I am hardcore procrastinating right now.
I told you how my computer died a grisly death two days ago. That means, I have no place to type in my room. I'm in the library, working on a paper for a Government class, which is due tomorrow. I actually had a bunch of the paper done before my computer blew up, but that was days ago...and I forget most of what I wrote. At least I still have my list of quotes.
But, it's currently 1:41. My paper isn't due for another 8 hours. I've got lots of time. (By the way, the computer lab I'm sitting in has 9 computers, and three of them have people working on this same paper) Plus, it doesn't even have to be that good. We're just going to be peer editing it...and that's something I haven't done since high school. I really have no idea why he wants us to do it here. It is a class for freshmen, but peer-editing still seems kind of rediculus.
My problem is, it's much easier to blog about something than it is to write a paper about something. The writing quality isn't that much different. I mean, sure, I write papers in Word, not blogger's post editor, so it's spell checks and grammar checks for me automatically, but I use mostly the same tone. I guess I use a slightly more formal tone for my papers than I do here.
But it's essentially the same work...and if I could write it all out blog style, it would be easy to edit into paper-style...except it doesn't work that way. I think the reason that I find it easy to blog is that I'm excited about the prospect of someone else reading what I wrote and getting interested in what I said, and then maybe even commenting about it, thus spawning a discussion which enlightens us all. But I have serious doubts that my much-smarter-than-me professor is actually going to be interested in what I said. I mean, he's probably thought of everything I have, and done it twice before breakfast. Him reading my paper is a chore...and thus, me writing the paper is a chore.
So right now I'm staring at a computer screen full of a list of quotes from Aristotle and Robert A. Heinlein. Oh yeah, I didn't tell you what the paper was about yet. I need to discuss Aristotle's views on citizenship...who should be a citizen and what should they do with that status. He actually thinks that people who aren't rich enough to persue a life of virtue (by which he means essentially sitting down and thinking and reasoning) shouldn't be allowed to be part of the political system. I think that's a crock of BS. But I didn't really need to say that here...you all know that already.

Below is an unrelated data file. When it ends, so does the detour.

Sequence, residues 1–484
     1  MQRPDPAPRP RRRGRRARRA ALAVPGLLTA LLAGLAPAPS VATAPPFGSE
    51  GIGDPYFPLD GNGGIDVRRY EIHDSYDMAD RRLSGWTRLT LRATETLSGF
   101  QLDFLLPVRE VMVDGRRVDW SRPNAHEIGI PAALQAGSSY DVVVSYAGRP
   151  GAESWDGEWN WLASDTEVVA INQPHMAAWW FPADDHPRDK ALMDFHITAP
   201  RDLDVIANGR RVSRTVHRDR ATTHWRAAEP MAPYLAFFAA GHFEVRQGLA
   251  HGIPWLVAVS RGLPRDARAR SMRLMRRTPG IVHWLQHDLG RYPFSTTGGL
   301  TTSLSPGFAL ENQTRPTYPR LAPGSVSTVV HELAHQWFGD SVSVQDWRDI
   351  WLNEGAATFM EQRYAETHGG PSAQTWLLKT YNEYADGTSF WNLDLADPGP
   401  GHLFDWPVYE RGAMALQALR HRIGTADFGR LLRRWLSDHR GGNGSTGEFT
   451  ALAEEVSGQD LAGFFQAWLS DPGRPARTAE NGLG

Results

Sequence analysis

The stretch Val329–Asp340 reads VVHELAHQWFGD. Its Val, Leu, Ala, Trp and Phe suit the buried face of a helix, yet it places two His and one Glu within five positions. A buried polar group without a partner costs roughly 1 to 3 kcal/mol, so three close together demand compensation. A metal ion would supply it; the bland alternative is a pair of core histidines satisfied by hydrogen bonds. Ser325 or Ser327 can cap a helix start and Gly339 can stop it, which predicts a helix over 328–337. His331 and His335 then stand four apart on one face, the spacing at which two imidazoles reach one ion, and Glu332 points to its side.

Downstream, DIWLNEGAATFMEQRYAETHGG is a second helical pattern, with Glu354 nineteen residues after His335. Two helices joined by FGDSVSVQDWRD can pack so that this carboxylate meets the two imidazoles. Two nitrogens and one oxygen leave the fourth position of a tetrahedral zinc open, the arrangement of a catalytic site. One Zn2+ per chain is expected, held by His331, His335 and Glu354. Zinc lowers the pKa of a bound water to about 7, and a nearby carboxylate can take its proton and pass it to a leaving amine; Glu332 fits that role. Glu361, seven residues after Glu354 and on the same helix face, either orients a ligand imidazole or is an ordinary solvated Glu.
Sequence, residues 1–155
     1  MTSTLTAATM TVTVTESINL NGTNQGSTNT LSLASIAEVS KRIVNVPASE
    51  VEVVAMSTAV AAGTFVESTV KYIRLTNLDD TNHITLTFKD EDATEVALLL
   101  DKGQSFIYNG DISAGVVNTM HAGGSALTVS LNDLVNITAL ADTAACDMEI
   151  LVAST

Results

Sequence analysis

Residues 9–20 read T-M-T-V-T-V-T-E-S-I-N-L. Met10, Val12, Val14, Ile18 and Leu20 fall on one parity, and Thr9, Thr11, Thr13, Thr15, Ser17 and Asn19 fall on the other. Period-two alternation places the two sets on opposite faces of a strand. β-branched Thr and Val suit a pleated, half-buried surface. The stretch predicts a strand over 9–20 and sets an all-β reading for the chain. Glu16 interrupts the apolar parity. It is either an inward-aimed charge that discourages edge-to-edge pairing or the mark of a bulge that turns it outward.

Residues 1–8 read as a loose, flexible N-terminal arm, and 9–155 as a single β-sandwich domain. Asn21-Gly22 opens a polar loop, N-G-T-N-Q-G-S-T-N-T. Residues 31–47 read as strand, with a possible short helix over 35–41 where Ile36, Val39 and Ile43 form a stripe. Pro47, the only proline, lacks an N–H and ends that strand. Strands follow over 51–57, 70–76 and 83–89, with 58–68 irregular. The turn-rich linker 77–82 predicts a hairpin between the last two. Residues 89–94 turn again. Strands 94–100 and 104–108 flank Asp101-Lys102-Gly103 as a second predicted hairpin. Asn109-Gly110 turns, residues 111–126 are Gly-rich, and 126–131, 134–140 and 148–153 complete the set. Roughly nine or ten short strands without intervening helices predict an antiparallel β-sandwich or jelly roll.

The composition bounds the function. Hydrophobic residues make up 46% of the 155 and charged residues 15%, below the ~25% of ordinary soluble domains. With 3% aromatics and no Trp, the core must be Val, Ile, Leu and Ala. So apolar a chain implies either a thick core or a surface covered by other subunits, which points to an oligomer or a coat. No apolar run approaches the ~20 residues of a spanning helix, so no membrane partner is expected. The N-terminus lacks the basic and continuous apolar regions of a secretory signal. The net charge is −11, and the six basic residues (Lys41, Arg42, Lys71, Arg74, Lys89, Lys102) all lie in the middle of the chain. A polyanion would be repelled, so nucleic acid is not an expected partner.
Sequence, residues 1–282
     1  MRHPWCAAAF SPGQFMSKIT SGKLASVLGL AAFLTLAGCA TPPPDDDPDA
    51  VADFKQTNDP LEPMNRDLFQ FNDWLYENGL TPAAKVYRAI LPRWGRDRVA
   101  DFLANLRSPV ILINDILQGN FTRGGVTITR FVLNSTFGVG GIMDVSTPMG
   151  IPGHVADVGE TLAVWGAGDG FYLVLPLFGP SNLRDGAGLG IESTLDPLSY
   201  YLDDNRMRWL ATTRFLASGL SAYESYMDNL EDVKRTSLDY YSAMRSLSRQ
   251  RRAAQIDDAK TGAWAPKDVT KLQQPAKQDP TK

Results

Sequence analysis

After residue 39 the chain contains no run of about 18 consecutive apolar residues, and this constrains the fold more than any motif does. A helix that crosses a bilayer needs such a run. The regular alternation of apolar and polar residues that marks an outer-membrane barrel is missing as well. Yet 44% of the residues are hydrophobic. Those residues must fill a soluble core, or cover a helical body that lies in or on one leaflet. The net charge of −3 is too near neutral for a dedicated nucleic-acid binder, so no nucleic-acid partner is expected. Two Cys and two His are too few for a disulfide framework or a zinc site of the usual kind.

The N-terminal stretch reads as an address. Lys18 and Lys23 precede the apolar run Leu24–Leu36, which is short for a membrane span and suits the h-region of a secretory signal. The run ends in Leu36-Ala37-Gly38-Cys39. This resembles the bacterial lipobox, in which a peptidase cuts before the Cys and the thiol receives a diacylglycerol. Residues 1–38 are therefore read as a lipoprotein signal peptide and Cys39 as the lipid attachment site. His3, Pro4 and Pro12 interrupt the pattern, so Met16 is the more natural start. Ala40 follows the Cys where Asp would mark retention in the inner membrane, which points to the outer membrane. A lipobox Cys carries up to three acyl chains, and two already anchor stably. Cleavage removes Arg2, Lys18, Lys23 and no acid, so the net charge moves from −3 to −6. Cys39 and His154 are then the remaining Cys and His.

But I could just go ahead and write that up (what he says and why he's wrong) and be fine with it. Except that it's easy, and forty other students in the class will do the same thing, so I get a C for average (my gov professors hold no truck with grade inflation, and I think that's a good thing). Then the nine others will write papers that are at least different from the rest...some of them will agree with Aristotle and provide a reason that backs them up...and some will do way too much work and read some extra books and find some really excellent reasons why Aristotle is right or wrong, and those nine people will get B's for at least trying to be original.
Well, this time I decided to be that idiot who read a lot of extra books and did too much work. I remembered reading about Robert A. Heinlein from the corner, and I knew he was a good conservative Sci-Fi writter. Maybe a little bit too conservative...but he's pretty smart. And I remembered watching Starship Troopers, which is one of his stories (but the movie doesn't even try to follow the story line) and hearing "military service doesn't garuantee you citizenship, but you can't be a citizen without serving." So I surmised that Heinlein would sort of agree with Aristotle, and set about finding exactly how, and why. It turns out that I got the quote wrong, but the idea right. And I found some good stuff. And my prof is a conservative who knew Heinlein's name...which didn't necessarily have to happen, but something that's a good thing for my paper.
So I'm gonna write an essay about how both Aristotle and Heinlein were right, as far as they go...they make good arguents and I can just show them. Plus it'll be a cool paper cause I get to quote a sci-fi writter in a gov. class, and nobody else in the class will even come close to this ammount of originality. Yeah, I'm sort of a geek...especially when it comes to Gov. and Sci-Fi.
But it's now 1:55 and I'm still not writing the paper. I think if I thought that any of you would enjoy reading it, it would be easier to write. But I can't seem to convince myself that anybody would want to read 1750 words about Aristotle's views on citizenship. I'll probably post it anyway, cause since my computer's busted, I don't really have time to come up with good new posts, so I gotta take what I can get.
So now it's back to the grindstone, and I'm done procrastinating. I've got all my quotes, now all I need is a title and a topic sentance that will string everything together. Then the rest will be easy, just time-consuming...cause I will eventually have to write up a bibliography, which will suck, sort of.
Whatever. I'm sure you're bored reading this by now...so I'm gonna stop writing.